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10 votes

"The Jesus who said" - why is there a definite article before the proper name "Jesus"?

Your supposition is correct. The use of the definite article is a rhetorical device to indicate that what is being said is the truth because truth is necessarily unique whereas error is manifold. ...
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  • 26.3k
9 votes
Accepted

Why are some common nouns' first letters being used capital?

You are right: Meadow Hall is the proper name of a house or mansion described in the book, and that is why the words are capitalized. Note also that there is no article before "Meadow Hall": we don'...
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  • 36.1k
9 votes
Accepted

Definite article with "9/11"

We do not use an article before "9/11". Americans would think the use of "the" in the sentence you quote as decidedly strange-sounding. 9/11 is a date. We do not use an article before a date when ...
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  • 57.1k
9 votes
Accepted

Articles before modified proper nouns

It would not be strictly incorrect to drop the articles, however written with the articles, it is a bit like saying "a version of Hermione that is interested" and "a version of Ron who is thoroughly ...
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  • 1,937
8 votes

Why is Zika capitalized and chikungunya and yellow fever are not?

The Zika virus is named for the Zika Forest in Uganda. Given that Zika is a proper noun, it is capitalized.
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  • 81
8 votes

Is ‘THE Ukraine' grammatical?

It's not ungrammatical, it's just outdated. Historically there were certain countries that were usually referred to using a definite article. For example, "the Ukraine", "the Sudan"...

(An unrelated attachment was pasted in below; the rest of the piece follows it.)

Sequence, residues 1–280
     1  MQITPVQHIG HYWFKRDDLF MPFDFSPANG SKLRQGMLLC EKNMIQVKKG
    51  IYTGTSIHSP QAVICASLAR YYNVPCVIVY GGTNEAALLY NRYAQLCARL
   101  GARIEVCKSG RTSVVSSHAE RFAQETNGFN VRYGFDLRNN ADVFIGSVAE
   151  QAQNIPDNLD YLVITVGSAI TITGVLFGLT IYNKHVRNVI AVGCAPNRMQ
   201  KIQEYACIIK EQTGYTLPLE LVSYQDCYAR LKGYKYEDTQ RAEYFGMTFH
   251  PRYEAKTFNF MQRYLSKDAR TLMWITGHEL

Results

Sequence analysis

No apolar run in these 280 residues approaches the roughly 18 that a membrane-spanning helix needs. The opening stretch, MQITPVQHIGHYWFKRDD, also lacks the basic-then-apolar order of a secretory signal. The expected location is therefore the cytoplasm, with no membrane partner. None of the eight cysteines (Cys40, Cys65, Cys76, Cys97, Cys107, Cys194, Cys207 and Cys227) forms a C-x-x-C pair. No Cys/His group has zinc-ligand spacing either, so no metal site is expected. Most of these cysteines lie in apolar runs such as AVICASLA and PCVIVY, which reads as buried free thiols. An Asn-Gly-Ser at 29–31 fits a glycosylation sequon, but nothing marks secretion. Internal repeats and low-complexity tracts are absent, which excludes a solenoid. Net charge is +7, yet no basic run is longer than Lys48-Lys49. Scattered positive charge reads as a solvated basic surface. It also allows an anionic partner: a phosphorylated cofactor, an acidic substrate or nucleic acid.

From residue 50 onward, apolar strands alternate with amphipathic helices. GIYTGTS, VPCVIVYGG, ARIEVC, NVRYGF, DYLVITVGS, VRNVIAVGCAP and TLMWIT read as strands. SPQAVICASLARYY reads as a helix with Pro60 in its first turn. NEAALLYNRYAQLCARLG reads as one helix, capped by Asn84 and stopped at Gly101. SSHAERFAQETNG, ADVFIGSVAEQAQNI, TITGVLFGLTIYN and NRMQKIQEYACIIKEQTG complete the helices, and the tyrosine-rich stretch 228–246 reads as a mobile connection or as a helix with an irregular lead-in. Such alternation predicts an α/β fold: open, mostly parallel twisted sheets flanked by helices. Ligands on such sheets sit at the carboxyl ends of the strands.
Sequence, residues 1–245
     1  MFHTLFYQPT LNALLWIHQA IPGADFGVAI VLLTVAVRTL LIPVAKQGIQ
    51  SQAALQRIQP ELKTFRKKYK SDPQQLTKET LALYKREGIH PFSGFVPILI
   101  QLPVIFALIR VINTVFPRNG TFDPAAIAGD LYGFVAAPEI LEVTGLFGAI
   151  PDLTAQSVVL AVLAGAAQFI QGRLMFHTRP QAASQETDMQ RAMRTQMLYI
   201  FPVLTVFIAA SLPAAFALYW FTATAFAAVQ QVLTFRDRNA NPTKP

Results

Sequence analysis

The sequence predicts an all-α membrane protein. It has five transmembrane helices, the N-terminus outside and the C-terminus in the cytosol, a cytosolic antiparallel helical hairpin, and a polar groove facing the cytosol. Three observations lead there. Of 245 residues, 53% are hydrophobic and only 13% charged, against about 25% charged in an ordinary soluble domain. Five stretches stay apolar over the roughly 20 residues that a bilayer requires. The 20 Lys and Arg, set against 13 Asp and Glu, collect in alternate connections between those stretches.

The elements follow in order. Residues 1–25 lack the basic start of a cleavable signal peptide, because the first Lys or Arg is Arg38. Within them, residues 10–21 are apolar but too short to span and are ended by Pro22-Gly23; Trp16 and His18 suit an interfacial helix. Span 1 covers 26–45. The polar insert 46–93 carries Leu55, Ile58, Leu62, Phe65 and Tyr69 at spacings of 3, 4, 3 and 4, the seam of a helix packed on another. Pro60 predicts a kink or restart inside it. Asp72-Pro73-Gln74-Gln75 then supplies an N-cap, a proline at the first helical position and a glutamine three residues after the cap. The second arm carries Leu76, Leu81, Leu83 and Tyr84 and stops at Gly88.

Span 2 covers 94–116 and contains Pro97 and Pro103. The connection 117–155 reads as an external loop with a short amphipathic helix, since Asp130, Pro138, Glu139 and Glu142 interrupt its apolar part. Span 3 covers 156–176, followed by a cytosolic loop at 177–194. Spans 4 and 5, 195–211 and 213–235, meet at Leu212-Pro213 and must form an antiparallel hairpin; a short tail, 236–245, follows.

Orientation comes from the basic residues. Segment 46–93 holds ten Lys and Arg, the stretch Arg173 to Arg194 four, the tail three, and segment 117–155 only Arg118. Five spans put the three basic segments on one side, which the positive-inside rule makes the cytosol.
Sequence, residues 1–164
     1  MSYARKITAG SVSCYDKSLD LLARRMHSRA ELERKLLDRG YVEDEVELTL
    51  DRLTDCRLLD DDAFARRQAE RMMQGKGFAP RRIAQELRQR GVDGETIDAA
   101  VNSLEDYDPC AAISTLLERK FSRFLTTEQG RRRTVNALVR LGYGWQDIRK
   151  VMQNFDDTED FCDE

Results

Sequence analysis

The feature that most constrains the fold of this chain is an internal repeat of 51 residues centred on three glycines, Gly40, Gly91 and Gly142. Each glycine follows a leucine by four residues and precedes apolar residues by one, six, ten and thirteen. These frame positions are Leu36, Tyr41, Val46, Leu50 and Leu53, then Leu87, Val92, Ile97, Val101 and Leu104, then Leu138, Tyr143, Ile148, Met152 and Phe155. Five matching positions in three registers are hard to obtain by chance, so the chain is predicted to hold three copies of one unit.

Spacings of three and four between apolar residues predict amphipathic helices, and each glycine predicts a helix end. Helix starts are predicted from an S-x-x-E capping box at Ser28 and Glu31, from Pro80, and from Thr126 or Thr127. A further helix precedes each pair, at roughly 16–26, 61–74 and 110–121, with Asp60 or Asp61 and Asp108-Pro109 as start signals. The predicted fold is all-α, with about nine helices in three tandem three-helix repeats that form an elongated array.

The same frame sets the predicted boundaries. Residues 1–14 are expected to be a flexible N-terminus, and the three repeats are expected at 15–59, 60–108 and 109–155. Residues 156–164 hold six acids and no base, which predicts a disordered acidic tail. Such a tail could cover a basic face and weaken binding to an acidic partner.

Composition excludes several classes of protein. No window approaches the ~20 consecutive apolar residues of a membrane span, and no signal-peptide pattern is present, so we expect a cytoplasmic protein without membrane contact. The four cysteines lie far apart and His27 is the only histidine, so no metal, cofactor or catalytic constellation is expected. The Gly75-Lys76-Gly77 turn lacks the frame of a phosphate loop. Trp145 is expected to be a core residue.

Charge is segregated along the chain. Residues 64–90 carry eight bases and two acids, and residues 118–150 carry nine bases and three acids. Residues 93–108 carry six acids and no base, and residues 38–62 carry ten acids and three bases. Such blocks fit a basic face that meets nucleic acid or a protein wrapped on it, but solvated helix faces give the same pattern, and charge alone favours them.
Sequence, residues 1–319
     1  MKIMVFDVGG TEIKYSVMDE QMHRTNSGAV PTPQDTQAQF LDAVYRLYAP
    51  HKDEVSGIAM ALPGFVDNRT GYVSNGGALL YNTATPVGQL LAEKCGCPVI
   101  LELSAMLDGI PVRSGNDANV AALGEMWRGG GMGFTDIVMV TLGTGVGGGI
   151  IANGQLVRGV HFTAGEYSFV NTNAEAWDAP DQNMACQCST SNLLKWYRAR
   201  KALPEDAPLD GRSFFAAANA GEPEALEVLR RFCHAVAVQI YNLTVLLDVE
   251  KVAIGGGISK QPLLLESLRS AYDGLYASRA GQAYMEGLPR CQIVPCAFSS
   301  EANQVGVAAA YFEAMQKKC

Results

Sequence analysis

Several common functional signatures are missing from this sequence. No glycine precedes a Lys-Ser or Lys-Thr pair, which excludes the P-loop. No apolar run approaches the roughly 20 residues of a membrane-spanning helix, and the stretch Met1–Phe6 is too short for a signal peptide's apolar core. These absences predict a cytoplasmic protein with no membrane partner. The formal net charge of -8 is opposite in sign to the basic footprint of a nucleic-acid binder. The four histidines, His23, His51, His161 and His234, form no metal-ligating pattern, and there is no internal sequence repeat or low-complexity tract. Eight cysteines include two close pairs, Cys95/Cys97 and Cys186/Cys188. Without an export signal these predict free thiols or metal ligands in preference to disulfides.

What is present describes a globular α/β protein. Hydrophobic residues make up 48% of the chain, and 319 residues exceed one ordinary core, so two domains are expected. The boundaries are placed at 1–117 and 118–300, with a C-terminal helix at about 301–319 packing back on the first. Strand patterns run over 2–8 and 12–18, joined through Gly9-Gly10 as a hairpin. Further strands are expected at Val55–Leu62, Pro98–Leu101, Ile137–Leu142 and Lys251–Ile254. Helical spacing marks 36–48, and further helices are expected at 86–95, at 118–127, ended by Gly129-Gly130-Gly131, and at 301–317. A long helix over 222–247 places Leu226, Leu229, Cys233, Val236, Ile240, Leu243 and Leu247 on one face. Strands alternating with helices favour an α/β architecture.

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  • 9,903
7 votes
Accepted

India Prime Minister Vs. Indian Prime Minister Vs. India's Prime Minister

Your thinking is largely valid. "He is India prime minister" is wrong. The noun is "minister", so normally any other words that modify the meaning should be adjectives, like "Indian", and not another ...
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  • 57.1k
7 votes
Accepted

before we get to yuppie -- why no article in front of "yuppie"?

Martian: Why was that goal disallowed? Cookie Monster: The striker was offsides when the ball was kicked to him. Martian: What is "offsides"? [or What does "offsides" mean?] Cookie Monster: I will ...
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7 votes

Articles with the days of the week: "Is it a Monday today?"

We say "a Monday" (or whatever day of the week) when we want to say that the event in question will occur on an unspecified Monday. For example, if you said, "The next meeting of the Zetetic Society ...
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  • 57.1k
7 votes

Articles before modified proper nouns

If Hermione is skeptical under the present circumstances: Harry headed to the trophy room accompanied by a skeptical Hermione. The indefinite article implies, or at least it leaves open the ...